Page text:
Saturday, October 26, 2013

Chiang Mai: Cooking School

It's kind of funny that the only cooking classes I've ever taken in my life have been SE Asian cuisines. VietNamese and now Thai.

The place we're staying in Chiang Mai is owned by a Korean-American named Steven and his Thai wife Ketsuda. They were helpful in telling us what was worth seeing, and organizing the tours for us. We had no more disappointments like the one in Bangkok.

I wanted to take a cooking class, and the area we had walked around had half a dozen schools. Steven recommended Asia Scenic and even paid the bill and arranged the pickup for the next morning. "Don't eat before you go" he warned.

The class started with Miss Indi taking us to the garden in the back to sample fresh leaves of Thai sweet basil, kefir lime, and garlic chives. She had a basket filled with fresh pieces of turmeric (which looks just like orange ginger root), eggplant, taro root, and other SE Asian vegetables.

Miss Indi led us down the street a couple of blocks to a small market called Sompet where the prices are the same for everyone, not higher for tourists. She joked that we needed to stick together, because if we got lost, she might not recognize us, all Farang (foreigners) look alike to her.

At the market we were introduced to the twenty different varieties of rice, all of which were only about 28 Baht per kilo (a little less than one dollar for 2.2 pounds!). The market was typical, a bit stinky from the rotting bits on the ground and the ever present slight sewer odors. Vegetables and fruits were lined up in well organized stalls and the prices were really cheap. Everywhere else in the Old City, I had paid much more, though even those prices were cheap.

Back at the school, which was a large roofed parking lot with a building in the back, we settled down on cushions at a low table and were served a welcome snack; tiny pieces of onion, garlic, mango, chile, and a sweet sauce put inside a folded betel leaf. She showed us how to fold it into a small cone so we could fill it and eat.

There were 8 people in the class, all but one Italian fellow and I had signed up for the half day class. So as a group we decided to make a stir fry, a curry, and an appetizer. The Italian and I made soup and a dessert after they left around 1:00.

I've cooked Thai at home, using recipes from the internet and following instructions on bottles of curry paste, but in this class, we made our own curry paste from scratch.

Made from scratch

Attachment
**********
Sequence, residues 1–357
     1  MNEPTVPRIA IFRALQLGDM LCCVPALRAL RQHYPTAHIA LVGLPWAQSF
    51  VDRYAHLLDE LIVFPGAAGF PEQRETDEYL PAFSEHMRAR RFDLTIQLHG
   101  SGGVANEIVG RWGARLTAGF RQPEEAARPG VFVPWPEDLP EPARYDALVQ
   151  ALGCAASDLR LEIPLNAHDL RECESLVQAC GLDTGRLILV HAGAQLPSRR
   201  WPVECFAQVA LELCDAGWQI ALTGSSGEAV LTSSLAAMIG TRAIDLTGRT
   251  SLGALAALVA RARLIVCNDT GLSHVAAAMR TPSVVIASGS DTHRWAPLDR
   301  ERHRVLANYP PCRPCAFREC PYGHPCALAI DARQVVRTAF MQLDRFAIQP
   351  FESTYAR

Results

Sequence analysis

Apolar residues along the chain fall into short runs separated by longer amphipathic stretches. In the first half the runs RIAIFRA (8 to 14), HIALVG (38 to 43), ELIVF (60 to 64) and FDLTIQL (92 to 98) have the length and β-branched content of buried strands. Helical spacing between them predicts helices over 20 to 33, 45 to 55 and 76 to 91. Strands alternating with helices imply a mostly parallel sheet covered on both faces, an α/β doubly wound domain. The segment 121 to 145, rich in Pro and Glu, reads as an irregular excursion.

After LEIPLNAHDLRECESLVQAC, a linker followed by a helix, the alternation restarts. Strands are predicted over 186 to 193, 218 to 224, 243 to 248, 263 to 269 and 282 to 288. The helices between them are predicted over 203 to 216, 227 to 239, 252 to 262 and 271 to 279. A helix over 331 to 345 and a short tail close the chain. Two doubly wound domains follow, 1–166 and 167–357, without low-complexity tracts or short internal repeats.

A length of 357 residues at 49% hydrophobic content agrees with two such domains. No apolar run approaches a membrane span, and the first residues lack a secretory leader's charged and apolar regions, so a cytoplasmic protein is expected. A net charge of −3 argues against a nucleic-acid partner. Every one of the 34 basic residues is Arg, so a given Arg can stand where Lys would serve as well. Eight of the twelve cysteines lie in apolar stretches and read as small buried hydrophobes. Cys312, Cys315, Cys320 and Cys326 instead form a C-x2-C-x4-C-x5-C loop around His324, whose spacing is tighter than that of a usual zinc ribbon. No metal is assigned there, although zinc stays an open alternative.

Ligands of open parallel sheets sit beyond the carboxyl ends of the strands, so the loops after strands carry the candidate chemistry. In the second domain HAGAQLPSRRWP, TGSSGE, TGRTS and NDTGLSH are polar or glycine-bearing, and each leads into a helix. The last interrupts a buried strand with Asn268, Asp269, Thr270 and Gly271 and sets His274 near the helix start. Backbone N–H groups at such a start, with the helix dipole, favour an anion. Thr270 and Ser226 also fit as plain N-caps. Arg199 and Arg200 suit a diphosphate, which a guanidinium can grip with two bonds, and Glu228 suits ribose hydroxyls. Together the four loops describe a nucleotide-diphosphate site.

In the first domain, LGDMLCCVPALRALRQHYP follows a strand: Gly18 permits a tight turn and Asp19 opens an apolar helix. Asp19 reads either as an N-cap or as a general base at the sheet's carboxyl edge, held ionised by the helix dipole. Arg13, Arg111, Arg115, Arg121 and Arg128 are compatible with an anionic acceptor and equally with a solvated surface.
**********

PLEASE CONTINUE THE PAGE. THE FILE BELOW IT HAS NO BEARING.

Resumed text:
curry pastes for green, yellow,
massaman, and red curries
Dry chiles had been chopped and soaked in water for a few hours. Those were the basis of the paste. We had to mince up onions, garlic, green mango, hard tofu and other items that got mashed up with the chiles in a large stone mortar and pestle (similar to the tool in Mexico called a Molcajete).

Paste-making is very time consuming, it's no wonder everybody just buys curry paste in large quantities from the markets.

We each made a stir fry, and cut up vegetables like the long skinny corn in small slices so they looked like yellow stars in the dish. Each person selected a stir fry and a curry from a list of five, so even though we each made our own, we learned to make them all as Indi discussed the differences while we cooked. We each had a wok and a burner, and the meat (a tiny bowl of chicken pieces) was added just after the emotions, the bits that add the most flavor like chives, garlic and chile.

I'm definitely have to get a Chinese Cleaver. It was sharp, easy to use, and had a long enough blade to artistically slice many carrots or chunks of cabbage at once.

After each cooking session, we ate our own dish and sometimes passed the others around for a sample. It was a nice group of people, some cracked jokes, we laughed a lot. Some of us made fried spring rolls and one fellow from the Netherlands was so precise, every vegetable was the same size, and his spring rolls were identical. I had one long skinny roll, and one that looked like a little pig. It all tasted good.

After the group finished up and just the Italian and I were left, I took a longish walk to help digest all the food I'd already eaten, and he did a much more sensible thing, he moved some cushions around, and took a nap.

Then we geared up to make desserts and soups. Again, there was a lot of fine chopping and prepping. The soups took almost no time to make, and in fact the less time the better, as it kept the vegetables nice and crisp. We made batter fried bananas which he gobbled right up, but left his soup. My soup was so good and filling there was no room left for bananas. So my companion Rheta got the leftovers, packaged up in a plastic bag. Both were still warm when I got back to our apartment, and she said (absolutely true too) that it was the best food she'd had so far in Thailand.

Indi demonstrating cooking with vegetable oils.